In Virginia, your vehicle has fewer privacy protections than your home or yourself. In some instances, law enforcement has probable cause to search your vehicle on a routine traffic stop, but it is important to remember that you still have rights under the Fourth Amendment, and law enforcement must have more than probable cause to search you individually. If you have been charged with a crime, you need an aggressive criminal defense attorney from S.L England, PLLC.
Illinois v. Caballes
In 2005, the Supreme Court of the United States considered in Illinois v. Caballes, “Whether the Fourth Amendment requires reasonable, articulable suspicion to justify using a drug-detection dog to sniff a vehicle during a legitimate traffic stop .” The Court assumed that the officer did not have any information about Roy Caballes except that he had been speeding, which initiated the stop. The officer radioed for a narcotics detection dog, which alerted to the vehicle's trunk The officer found marijuana there, and Caballes was charged with cannabis trafficking.
Caballes argued that his Fourth Amendment rights had been violated. Although the Illinois Supreme Court ruled that using a narcotics detection dog in a routine traffic stop constitutes "unjustifiably enlarging the scope of a routine traffic stop into a drug investigation," the Supreme Court of the United States reversed this decision, ruling 7-2 that using the narcotic detection dog during a routine traffic stop does not violate a person's Fourth Amendment rights because the dog will only alert to illegal items and "does not expose noncontraband items that otherwise would remain hidden from public view."
Whitehead v. Commonwealth
The Virginia Supreme Court considered the same topic of probable cause in Whitehead v. Commonwealth. In this case, a law enforcement officer stopped a vehicle for a traffic violation, and a narcotics detection dog alerted on the vehicle. The four occupants exited the vehicle, and the law enforcement officer was not able to locate any illegal substances during his search of the vehicle.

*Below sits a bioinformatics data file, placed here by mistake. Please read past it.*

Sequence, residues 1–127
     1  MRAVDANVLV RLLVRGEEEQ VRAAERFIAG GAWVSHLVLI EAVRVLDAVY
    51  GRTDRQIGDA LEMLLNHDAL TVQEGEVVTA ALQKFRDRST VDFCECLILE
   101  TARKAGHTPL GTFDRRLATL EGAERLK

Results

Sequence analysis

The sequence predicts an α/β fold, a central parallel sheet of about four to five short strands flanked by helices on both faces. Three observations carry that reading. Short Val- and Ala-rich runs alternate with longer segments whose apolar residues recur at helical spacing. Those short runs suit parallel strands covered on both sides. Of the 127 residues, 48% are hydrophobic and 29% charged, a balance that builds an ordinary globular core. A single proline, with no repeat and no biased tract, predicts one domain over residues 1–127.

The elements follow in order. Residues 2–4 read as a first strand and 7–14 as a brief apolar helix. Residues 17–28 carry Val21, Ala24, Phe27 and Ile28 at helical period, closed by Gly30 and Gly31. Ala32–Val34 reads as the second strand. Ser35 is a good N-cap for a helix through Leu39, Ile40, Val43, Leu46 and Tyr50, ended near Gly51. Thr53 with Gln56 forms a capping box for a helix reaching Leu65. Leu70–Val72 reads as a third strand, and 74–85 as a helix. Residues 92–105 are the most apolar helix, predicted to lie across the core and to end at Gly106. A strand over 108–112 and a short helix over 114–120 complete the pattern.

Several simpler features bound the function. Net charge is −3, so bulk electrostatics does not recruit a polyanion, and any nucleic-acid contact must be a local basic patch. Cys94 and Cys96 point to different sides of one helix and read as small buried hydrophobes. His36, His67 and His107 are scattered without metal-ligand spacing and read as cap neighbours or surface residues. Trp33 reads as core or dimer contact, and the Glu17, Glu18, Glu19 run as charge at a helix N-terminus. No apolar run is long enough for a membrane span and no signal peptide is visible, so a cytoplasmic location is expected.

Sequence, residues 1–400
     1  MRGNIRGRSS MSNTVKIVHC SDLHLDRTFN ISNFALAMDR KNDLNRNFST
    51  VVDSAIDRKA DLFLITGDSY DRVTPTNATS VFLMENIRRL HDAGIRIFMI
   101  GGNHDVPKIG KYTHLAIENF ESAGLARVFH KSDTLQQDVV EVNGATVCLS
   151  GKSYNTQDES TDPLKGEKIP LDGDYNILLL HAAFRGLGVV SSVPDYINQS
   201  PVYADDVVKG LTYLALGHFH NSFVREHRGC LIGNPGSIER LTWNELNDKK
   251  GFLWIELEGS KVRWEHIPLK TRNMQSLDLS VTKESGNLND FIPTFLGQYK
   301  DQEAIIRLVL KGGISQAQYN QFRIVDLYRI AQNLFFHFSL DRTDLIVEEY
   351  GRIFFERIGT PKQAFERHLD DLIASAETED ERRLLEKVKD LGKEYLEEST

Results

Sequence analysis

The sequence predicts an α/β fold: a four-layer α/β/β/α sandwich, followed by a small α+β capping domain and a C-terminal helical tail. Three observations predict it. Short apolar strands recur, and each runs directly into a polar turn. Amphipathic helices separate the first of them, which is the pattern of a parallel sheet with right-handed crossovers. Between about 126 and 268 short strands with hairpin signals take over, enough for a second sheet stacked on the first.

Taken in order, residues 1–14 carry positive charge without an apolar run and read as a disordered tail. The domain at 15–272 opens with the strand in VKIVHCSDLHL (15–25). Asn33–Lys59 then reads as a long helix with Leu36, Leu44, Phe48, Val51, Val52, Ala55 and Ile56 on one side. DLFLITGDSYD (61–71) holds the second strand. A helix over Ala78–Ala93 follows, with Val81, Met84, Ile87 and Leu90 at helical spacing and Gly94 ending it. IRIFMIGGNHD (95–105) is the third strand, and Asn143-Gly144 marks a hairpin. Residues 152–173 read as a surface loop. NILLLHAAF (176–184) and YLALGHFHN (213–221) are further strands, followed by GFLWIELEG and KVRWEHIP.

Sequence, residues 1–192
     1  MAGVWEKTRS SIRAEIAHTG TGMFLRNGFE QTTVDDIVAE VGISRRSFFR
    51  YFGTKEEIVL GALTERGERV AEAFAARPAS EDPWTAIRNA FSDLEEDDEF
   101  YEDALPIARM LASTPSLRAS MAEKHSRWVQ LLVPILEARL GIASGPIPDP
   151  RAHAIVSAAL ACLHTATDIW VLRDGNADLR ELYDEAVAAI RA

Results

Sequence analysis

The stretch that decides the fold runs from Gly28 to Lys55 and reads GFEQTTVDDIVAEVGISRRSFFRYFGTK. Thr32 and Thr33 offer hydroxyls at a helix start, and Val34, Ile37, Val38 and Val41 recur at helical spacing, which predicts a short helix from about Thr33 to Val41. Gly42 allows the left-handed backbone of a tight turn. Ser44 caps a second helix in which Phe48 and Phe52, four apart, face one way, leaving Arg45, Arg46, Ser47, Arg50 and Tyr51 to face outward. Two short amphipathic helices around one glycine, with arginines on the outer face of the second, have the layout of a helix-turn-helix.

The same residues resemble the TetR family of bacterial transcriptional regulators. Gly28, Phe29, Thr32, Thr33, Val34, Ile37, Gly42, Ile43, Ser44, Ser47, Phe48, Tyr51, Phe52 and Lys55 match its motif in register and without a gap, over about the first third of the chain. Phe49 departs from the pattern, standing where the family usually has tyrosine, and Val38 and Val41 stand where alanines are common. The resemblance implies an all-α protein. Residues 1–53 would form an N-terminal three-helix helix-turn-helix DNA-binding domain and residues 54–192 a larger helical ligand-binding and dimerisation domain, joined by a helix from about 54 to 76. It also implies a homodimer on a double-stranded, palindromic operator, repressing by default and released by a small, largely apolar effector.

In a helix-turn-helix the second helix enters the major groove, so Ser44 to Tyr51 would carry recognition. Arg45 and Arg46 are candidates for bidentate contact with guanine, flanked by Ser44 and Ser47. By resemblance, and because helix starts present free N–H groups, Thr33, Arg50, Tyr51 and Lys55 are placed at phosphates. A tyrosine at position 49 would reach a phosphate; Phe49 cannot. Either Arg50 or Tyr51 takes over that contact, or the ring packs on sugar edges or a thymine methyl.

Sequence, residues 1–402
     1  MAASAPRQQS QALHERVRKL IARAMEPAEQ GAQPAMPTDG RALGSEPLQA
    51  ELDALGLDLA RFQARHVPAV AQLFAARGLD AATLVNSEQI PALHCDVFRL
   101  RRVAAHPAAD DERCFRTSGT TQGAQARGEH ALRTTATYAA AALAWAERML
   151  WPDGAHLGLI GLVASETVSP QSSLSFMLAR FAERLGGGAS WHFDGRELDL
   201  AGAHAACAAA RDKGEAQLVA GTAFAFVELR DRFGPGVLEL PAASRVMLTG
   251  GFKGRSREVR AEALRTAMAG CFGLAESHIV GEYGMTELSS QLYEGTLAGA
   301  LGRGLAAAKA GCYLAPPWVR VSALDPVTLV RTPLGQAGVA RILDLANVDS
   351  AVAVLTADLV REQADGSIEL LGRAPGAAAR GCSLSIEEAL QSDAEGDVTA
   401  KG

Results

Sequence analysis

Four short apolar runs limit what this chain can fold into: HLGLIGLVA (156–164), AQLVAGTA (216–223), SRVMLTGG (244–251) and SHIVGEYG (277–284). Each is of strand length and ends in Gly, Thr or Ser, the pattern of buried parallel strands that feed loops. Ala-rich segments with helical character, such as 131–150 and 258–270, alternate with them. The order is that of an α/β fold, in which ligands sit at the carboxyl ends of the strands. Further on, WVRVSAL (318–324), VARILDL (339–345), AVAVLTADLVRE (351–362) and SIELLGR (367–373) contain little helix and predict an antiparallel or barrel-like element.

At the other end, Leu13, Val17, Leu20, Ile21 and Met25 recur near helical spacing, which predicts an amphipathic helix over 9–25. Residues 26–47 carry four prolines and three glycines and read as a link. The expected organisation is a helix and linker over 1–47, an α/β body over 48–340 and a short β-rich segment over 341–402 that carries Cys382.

He then started searching the four individuals and found nothing on the first three. He searched Whitehead last and found heroin residue on a beer bottle cap in Whitehead's pocket. Whitehead was criminally charged.
The Supreme Court ruled that the law enforcement officer had probable cause to search the vehicle but needed probable cause plus some sort of individualized probable cause to search each individual in the vehicle, which he did not have in this case.
Do You Need a Criminal Defense Attorney in Virginia or Washington, D.C.?
If law enforcement stopped your vehicle for a traffic violation, you were searched individually and found with an illegal substance, you need an aggressive criminal defense attorney from S.L. England, PLLC, to protect your Fourth Amendment rights. A felony criminal conviction can seriously affect your future, including your ability to pursue higher education or find safe housing. If you have been charged with a crime in Washington, D.C. or Virginia, call us today at (202) 572-1020 or contact us online.